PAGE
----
I think I agree with your viewpoint here, mostly.
I would add the small caveat that perhaps a small investigation into the
possible fraud ought to be launched if the preliminary facts show sufficient
law enforcement reason to proceed further. That strikes a balance between being
cautious on invasives, but also being sure that scarce environmental dollars
actually are shown to be effective where possible.
If the known facts don’t merit further investigation, then there is no reason
to proceed further—but let law enforcement make that decision.
> On 11 Dec 2015, at 11:25 am, Andrew Hobbs <> wrote:
> If someone fabricated evidence then sure perhaps they should be prosecuted.
> But I strongly disagree with the idea that the effort as wasted. Reading the
> reports in the articles at the links it sounds more like polititions jumping
> on the bandwagon and using hindsight since this review was conducted on the
> evidence gained over the previous 10 years or more.
> For example 'Another review member, veterinary pathologist David Oberndorf,
> says the program failed the first test of proof. "People need to know that
> this has been independently, repeatedly demonstrated that you have got
> evidence that shows that the fox is in the landscape," he said.'
> He is implying that everyone has to wait around until the fox has become
> sufficiently common that they have independent, repeated proof that foxes are
> present. By that criteria if there really was a problem it could cost 10 or
> 100 times more or even become impossible to eradicate.
> Another is 'Fox ecologist Clive Marks, who led the review team, disputes much
> of the evidence used to justify millions of dollars being poured into the
> In fact he might dispute the evidence but it is still the evidence collected
> in those years. Could he have been sure that foxes weren't present 14 years
> ago without that evidence.
> Another report had a quote "But hunter and gamekeeper Ian Rist says if foxes
> were widespread in the state, he and other hunters would have seem them."
> What a stupid irrelevant comment. No one ever claimed that foxes were
> widespread. All it would have taken would have been one female and one male.
> And perhaps we do know now there are no foxes in Tasmania, but that is after
> 10 years of intense searching.
> So what should they have done. Wait around until some hunter or farmer had
> shot a fox and they had absolutely proven to be present and breeding like
> Australia has so many instances of the consequences of letting a handful of
> an exotic species loose that I would have thought that we should be cheering
> the politicians who had the understanding and foresight to allow such a
> campaign to go ahead. We should also be thoroughly criticizing the reporters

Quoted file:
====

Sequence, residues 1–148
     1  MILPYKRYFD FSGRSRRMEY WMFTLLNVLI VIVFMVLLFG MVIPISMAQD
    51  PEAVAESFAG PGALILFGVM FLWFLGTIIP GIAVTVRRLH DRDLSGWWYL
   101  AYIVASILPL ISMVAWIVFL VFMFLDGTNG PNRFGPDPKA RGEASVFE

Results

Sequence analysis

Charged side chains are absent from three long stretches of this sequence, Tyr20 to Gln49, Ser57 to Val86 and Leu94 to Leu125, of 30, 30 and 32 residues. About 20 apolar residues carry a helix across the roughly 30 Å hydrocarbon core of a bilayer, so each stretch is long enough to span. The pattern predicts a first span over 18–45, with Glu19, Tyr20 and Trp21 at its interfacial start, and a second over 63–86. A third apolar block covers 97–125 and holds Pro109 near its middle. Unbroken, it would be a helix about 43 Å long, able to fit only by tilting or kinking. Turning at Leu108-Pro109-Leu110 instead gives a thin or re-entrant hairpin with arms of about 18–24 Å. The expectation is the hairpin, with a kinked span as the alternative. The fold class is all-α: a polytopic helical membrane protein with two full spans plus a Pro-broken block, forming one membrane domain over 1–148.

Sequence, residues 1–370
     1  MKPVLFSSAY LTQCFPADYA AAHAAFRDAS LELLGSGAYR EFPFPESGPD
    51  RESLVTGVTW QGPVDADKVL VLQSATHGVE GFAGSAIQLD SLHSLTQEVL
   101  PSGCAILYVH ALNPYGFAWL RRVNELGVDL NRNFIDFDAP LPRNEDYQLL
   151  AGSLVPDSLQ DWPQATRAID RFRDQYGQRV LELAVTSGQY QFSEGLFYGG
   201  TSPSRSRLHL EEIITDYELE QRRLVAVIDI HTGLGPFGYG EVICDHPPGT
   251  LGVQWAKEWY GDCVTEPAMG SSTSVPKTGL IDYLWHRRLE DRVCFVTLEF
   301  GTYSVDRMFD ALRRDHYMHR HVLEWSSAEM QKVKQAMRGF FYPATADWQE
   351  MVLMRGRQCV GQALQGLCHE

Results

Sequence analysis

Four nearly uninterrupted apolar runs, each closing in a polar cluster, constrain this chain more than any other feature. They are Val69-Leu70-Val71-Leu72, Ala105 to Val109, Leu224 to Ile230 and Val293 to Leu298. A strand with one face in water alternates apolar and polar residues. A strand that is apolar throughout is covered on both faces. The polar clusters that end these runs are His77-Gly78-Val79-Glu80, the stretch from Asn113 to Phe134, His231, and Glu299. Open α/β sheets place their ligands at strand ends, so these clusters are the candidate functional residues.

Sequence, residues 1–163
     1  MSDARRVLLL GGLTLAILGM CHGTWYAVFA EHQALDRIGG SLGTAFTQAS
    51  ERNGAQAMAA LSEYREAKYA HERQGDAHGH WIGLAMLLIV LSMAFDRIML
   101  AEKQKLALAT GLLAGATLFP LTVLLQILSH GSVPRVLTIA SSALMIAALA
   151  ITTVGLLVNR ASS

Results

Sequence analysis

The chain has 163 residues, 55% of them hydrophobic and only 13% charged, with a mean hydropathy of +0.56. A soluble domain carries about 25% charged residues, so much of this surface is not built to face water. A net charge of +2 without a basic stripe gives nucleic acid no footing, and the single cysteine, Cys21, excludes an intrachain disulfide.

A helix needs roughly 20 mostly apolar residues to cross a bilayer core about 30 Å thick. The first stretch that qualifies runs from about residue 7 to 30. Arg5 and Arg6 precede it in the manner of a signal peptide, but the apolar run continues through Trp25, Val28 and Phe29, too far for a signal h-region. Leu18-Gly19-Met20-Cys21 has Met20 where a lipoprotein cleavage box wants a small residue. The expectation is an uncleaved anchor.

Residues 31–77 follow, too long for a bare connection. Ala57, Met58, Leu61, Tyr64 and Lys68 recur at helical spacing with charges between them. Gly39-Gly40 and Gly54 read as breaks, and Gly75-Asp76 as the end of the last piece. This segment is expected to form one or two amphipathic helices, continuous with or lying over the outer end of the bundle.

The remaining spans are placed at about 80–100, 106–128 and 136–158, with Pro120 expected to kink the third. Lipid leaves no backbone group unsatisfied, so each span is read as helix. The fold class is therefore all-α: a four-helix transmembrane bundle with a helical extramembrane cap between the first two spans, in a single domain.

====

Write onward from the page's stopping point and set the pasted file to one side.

> who are slanting their news stories as if it was a waste of money, when what
> they are relying on are the results of 10 years of work they are criticizing.
> What fantastic hindsight.
> I would like to see how those same people would react if someone came back
> with a false positive for foot and mouth disease say, and the current plan
> for its control was put into place before they could absolutely prove that it
> wasn't foot and mouth.
> And keep in mind the reaction of the various Agriculture boards to reports of
> possible exotic species, even though most of those turn out to be negative.
> They know that it is better to be safe than sorry.
> On 10/12/2015 6:46 PM, Ian May wrote:
>> <>A recent review into the Tasmanian Fox eradication program has found no
>> evidence of foxes in Tasmania. There are calls for a thorough Police
>> investigation into this whole sorry saga.
>> See also
>> This disgraceful episode has irreparably damaged the credibility of the
>> environmental movement in Tasmania. There are many questions that need
>> answers before this one is put to bed. We should all feel cheated that more
>> than 45 million dollars has been wasted, probably at the expense of genuine
>> needs such as conservation and protection of Orange-bellied Parrot etc.
>> It is interesting to note that birding-aus probably got the first scoop on
>> this back in October 2002. At that time, it was interesting to observe that
>> Mr. Camby, the author of the report
>> was howled down by some birding aus subscribers for suggesting that there
>> could be fraud at the heart of the Tasmanian Fox eradication program.
>> This saga places a cloud of shame over the entire Tasmanian environmental
>> movement. It is very sad to see.
>> Ian May
>> St Helens, Tasmania
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> Andrew Hobbs
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